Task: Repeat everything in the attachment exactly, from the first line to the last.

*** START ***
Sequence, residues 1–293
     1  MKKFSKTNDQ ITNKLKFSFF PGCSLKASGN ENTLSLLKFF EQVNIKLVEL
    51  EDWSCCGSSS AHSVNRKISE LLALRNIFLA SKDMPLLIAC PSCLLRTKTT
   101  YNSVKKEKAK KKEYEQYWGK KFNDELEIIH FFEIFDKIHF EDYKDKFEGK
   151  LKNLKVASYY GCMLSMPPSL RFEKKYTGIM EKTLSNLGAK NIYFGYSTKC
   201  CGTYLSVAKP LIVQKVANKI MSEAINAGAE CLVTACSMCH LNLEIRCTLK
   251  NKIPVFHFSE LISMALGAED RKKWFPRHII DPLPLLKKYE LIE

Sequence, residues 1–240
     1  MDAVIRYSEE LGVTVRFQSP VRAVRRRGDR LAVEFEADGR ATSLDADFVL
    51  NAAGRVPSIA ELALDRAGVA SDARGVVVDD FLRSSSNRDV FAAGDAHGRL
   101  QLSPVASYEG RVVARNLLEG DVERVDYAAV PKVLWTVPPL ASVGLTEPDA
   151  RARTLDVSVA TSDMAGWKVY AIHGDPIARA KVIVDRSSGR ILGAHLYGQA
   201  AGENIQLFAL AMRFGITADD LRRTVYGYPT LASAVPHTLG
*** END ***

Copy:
Sequence, residues 1–293
     1  MKKFSKTNDQ ITNKLKFSFF PGCSLKASGN ENTLSLLKFF EQVNIKLVEL
    51  EDWSCCGSSS AHSVNRKISE LLALRNIFLA SKDMPLLIAC PSCLLRTKTT
   101  YNSVKKEKAK KKEYEQYWGK KFNDELEIIH FFEIFDKIHF EDYKDKFEGK
   151  LKNLKVASYY GCMLSMPPSL RFEKKYTGIM EKTLSNLGAK NIYFGYSTKC
   201  CGTYLSVAKP LIVQKVANKI MSEAINAGAE CLVTACSMCH LNLEIRCTLK
   251  NKIPVFHFSE LISMALGAED RKKWFPRHII DPLPLLKKYE LIE

Sequence, residues 1–240
     1  MDAVIRYSEE LGVTVRFQSP VRAVRRRGDR LAVEFEADGR ATSLDADFVL
    51  NAAGRVPSIA ELALDRAGVA SDARGVVVDD FLRSSSNRDV FAAGDAHGRL
   101  QLSPVASYEG RVVARNLLEG DVERVDYAAV PKVLWTVPPL ASVGLTEPDA
   151  RARTLDVSVA TSDMAGWKVY AIHGDPIARA KVIVDRSSGR ILGAHLYGQA
   201  AGENIQLFAL AMRFGITADD LRRTVYGYPT LASAVPHTLG